July 11, 2013

Good-but-weird Beswick Kriol

I'm not too far away from finishing my PhD (I hope!) and my plan for afterwards is to come back to Katherine and see what comes my way. I'm pretty confident that I'll find interesting work that utilises my skills and experience like the other day when I was asked to help Djilpin Arts with a Kriol translation of a picture book they're creating.

It was only a little job, but very interesting for me because I had to translate it into Beswick Kriol, rather than Roper Kriol which I'm much more familiar with. There was a surprising number of little adjustments I had to make to ensure the translation sounded okay to a Beswick audience and Evangeline at Djilpin Arts was invaluable in providing assistance.

There were a few things I already knew to avoid - for instance, Beswick mob say idim instead of dagat for 'eat', they say deya instead of ja for 'there' and my favourite - they say eberrijing instead of enijing for 'things/belongings'.

But there was plenty I didn't know. I thought some of these Roper words might make the cut but they were all out: warajarra for 'floodwater', munyurrumap for 'grind/refine', bal for 'pound', maj or muny for 'curse'. The word for 'curse' (verb) was a new one for me - Beswick mob apparently say wunymang. Who knew?! Other substrate-derived words I had to include were moyi (green plum) and jotmo (a plant/bush medicine called guyiya or dogbul in Ngukurr). Yarlbun, which is the ubiquitous word for lilyseed in Roper Kriol was also out, replaced by datam.

It was really interesting to learn just how much variation there was between the Kriol I know and the Kriol spoken by those only a few communities away from Ngukurr. If I do go on to do more academic research after my PhD, I want to do a proper study of dialectal variation in Kriol, something that's never really been systematically studied before. In the meantime, the translation I worked on will go into a picture book called River Boy that will be released at the upcoming Walking With Spirits festival and it'll feature a Rembarrnga version of the text too apparently. Good stuff.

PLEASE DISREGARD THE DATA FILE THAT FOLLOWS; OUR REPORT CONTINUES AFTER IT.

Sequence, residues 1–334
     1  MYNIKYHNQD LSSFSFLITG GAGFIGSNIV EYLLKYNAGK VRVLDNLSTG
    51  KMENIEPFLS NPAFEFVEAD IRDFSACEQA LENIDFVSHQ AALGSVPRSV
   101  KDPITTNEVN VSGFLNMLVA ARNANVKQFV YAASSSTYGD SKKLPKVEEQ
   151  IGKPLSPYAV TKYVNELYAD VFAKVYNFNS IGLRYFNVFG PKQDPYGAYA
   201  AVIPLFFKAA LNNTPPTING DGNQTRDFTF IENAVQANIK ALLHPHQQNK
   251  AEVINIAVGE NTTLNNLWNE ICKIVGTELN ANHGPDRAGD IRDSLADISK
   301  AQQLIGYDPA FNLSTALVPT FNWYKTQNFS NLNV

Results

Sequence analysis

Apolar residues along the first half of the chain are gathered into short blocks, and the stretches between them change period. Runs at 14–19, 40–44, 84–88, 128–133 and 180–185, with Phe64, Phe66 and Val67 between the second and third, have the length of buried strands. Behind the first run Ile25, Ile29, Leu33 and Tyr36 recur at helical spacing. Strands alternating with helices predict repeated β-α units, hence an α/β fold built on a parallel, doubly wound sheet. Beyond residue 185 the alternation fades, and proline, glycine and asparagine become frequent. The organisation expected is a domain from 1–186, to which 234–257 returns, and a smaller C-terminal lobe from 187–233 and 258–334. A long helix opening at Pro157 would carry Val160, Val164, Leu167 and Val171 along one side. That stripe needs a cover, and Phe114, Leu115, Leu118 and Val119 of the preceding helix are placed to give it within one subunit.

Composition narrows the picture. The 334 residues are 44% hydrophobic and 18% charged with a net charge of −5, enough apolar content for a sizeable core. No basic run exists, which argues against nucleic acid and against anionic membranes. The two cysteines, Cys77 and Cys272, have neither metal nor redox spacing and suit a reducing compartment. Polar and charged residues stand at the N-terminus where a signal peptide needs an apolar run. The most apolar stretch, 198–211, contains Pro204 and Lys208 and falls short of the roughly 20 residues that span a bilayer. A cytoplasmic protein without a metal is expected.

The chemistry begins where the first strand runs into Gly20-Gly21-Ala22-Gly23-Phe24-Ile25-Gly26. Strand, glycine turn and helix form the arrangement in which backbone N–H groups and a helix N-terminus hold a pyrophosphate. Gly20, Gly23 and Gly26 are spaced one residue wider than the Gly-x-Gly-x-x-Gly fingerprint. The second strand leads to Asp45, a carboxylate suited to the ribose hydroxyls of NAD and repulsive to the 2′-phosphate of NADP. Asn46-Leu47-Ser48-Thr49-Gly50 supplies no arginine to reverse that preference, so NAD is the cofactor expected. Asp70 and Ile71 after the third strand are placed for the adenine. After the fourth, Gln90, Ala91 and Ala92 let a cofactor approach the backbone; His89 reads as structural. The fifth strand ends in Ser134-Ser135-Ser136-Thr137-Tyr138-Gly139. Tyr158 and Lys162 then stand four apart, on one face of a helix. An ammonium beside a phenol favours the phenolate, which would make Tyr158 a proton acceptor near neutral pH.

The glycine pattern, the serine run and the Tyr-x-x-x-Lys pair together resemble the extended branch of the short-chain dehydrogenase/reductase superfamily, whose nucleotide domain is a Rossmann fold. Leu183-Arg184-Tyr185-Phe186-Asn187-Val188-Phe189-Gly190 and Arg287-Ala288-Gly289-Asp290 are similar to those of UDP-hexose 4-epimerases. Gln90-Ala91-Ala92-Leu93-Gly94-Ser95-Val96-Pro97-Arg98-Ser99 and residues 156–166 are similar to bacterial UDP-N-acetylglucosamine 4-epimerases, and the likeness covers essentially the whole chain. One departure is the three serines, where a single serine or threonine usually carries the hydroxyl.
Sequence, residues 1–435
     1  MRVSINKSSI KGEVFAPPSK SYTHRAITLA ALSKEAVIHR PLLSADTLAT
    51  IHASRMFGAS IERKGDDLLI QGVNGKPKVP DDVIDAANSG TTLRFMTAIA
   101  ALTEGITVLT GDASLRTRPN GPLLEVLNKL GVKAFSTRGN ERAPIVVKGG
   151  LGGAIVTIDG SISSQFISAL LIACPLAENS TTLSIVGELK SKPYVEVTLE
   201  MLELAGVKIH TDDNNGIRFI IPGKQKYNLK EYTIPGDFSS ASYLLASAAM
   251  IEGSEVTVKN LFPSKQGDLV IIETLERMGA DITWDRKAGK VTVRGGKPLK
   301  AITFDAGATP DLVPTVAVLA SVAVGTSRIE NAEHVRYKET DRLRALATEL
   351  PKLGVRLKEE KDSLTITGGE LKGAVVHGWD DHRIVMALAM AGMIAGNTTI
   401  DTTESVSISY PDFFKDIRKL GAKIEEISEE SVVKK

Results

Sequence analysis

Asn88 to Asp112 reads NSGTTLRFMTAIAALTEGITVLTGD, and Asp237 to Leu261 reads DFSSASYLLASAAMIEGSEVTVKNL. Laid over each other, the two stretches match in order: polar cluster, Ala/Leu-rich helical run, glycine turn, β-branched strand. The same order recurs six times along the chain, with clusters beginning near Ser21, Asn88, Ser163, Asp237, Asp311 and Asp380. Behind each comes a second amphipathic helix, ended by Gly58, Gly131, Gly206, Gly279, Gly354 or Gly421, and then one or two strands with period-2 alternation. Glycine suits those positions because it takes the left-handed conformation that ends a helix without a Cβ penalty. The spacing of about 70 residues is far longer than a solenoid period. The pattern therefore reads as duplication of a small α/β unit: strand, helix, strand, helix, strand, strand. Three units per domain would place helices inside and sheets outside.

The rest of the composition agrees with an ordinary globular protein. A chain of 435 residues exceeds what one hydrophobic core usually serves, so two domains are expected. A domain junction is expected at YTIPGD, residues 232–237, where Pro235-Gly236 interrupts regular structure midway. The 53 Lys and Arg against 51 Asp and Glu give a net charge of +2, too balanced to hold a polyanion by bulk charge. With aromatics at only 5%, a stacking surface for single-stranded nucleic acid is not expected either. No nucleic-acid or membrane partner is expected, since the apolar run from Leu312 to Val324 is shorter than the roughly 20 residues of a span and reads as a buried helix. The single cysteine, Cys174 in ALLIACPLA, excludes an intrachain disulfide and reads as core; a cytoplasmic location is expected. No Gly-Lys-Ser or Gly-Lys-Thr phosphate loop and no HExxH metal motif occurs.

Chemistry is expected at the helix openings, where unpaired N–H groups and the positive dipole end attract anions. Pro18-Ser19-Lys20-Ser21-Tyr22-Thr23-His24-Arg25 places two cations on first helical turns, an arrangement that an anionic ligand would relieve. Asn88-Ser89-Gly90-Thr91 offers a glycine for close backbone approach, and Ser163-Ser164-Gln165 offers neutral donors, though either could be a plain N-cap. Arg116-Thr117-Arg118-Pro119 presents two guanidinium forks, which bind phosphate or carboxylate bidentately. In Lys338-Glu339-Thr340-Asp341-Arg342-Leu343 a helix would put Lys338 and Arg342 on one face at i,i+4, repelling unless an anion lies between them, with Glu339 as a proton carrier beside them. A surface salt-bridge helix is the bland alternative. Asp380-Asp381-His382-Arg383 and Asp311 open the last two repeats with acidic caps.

The highlight of doing this job however was getting this sign from Djilpin Arts, in return for my work (as well as a bit of cash):


It's a bilingual anti-smoking sign in English and Nunggubuyu and I love it. Someone had found it at the Numbulwar tip and gave it to them a couple of months ago. Djilpin kept it because they liked how it looked but I don't think appreciated the language part as much as me. So I figured it deserved to go to a better home where it could be fully appreciated. Ha! I'm going to donate it to the Ngukurr Language Centre anyway. :-)

1 comment:

bulanjdjan maïa said...

great projects! I've heard dagat in Weemol Kriol I think--but yes, idim more frequent